The Bingo Palace by Louise Erdrich - So I really liked the cover of this book. My copy has what looks like a circus tent outlined in Christmas lights under the aurora borealis. It's quite pretty. 
The Revenge of the Shadow King by Derek Benz and J.S. Lewis - So I honestly thought that this would be a sequel to some YA fantasy story. It's not. It's the first book in the series. So that's a bonus. 
Conspiracy by S.J. Parris - First of all, the cover for this book is awesome. Second, it's historical fiction set in the 1500s. 
How to Conquer the Tri-State Area by Heinz Doofenshmirtz (with Ellie O'Ryan and Dan Povenmire) - Phineas and Ferb is one of the few kids shows that I actually enjoy watching with my children, so this was a no-brainer. 
The Truth Behind A Series of Unfortunate Events by Lois H. Gresh - I have several of the books from the Series of Unfortunate Events series, so this seemed like a good book to buy to go with those. 
The Extraordinary Adventures of Alfred Kropp by Rick Yancey - Someone wrote "awsome" inside the front cover in lime green marker. I took that as an endorsement for the book.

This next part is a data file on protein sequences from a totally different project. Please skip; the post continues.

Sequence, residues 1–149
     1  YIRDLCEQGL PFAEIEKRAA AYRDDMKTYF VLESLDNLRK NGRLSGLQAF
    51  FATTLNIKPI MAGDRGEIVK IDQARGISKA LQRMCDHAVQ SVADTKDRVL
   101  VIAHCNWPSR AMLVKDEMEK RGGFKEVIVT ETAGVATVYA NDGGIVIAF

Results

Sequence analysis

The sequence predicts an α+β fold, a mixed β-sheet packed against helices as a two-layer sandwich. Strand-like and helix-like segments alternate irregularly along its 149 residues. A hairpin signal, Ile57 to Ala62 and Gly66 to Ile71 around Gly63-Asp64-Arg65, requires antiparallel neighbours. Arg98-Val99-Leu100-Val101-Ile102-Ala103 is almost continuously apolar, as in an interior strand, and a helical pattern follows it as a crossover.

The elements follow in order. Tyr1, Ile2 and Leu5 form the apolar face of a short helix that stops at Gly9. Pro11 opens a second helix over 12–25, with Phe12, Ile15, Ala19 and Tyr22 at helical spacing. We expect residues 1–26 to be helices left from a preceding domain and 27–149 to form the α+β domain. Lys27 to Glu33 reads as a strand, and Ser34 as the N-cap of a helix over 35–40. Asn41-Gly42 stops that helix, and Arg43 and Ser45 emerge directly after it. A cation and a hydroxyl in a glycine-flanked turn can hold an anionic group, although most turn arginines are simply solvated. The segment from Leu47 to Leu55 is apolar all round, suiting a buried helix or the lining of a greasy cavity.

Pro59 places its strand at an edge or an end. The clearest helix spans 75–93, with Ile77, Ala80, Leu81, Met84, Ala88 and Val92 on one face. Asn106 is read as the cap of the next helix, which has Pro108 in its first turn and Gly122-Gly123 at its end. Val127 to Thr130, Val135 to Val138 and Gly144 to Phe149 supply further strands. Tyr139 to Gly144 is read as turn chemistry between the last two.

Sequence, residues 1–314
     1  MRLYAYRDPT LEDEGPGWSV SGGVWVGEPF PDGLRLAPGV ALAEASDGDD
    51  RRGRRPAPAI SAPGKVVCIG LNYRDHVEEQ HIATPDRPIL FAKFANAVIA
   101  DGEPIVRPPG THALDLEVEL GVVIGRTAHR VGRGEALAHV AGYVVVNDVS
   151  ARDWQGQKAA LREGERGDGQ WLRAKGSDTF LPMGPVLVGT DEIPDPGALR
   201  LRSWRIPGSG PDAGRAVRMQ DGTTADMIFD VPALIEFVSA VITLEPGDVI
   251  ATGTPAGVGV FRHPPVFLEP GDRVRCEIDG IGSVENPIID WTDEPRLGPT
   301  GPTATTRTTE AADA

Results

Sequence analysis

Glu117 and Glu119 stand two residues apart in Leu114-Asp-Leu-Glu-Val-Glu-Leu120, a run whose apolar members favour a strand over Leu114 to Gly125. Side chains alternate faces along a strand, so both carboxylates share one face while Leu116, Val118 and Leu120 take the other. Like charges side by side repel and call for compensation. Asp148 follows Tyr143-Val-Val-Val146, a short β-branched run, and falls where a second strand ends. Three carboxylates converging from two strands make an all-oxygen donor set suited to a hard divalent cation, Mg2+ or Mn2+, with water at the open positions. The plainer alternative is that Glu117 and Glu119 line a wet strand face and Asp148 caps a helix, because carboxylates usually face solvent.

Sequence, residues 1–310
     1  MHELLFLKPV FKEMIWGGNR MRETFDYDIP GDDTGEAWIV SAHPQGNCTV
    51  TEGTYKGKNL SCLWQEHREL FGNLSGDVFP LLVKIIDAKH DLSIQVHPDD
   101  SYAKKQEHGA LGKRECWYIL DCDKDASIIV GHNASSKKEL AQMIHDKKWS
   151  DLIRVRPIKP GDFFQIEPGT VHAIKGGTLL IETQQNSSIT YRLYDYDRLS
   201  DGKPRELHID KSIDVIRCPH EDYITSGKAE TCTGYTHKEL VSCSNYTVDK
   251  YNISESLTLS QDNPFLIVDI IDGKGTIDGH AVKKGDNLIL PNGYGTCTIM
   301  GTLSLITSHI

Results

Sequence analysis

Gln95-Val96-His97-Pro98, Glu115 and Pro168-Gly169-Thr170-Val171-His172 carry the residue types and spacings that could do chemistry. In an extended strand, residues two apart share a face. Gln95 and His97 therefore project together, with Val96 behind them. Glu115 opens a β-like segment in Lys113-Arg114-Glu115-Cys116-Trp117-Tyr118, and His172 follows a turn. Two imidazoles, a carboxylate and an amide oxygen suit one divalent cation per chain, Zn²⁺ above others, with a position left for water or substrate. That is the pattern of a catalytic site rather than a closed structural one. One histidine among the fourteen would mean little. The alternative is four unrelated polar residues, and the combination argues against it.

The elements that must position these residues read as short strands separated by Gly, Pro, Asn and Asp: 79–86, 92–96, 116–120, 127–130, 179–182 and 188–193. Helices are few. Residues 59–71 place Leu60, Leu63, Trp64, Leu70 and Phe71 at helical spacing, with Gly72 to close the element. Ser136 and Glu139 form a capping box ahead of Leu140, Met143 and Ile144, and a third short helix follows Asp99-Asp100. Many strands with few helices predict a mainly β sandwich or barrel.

Odd and the Frost Giants by Neil Gaiman - I own several of Gaiman's books...One of these days I will actually read one of them. 
Demigods and Monsters edited by Rick Riordan - I bought this book thinking it was written by Rick Riordan. It's not. It's written by other people (one of them Jenny Han) about Riordan's Percy Jackson and the Olympians series. It will likely still be entertaining.
The Dinner by Herman Koch - I'm like 93.7% sure that this book appears on some sort of list, although looking at the cover on Amazon, it might be one of those lists of books to read before the movie comes out. 
The Wednesdays by Julie Bourbeau - The cover is like this deep aqua green color, and looks a bit creepy. My son likes to read "scary" stories to help him be more brave. This could come in handy. 
The Life List by Lori Nelson Spielman - My copy of this book has a cartoony cover (which if you read my recent Top Ten Tuesday post you know that gets me). It's also a blueish-green color (which also gets me). I'm guessing it falls pretty solidly in the women's fiction category. 
A Rotten Person Travels the Caribbean by Gary Buslik - The cover of this book made me think of Jimmy Buffett. My mother-in-law loves Jimmy Buffett. It is probably in no way, shape or form connected to Jimmy Buffett, but that doesn't really matter. 
Slave Girl by Sarah Forsyth - I sometimes enjoy reading true-crime books. And one of the topics that both horrifies and fascinates me in that arena is human trafficking. I imagine this will be a thought provoking read.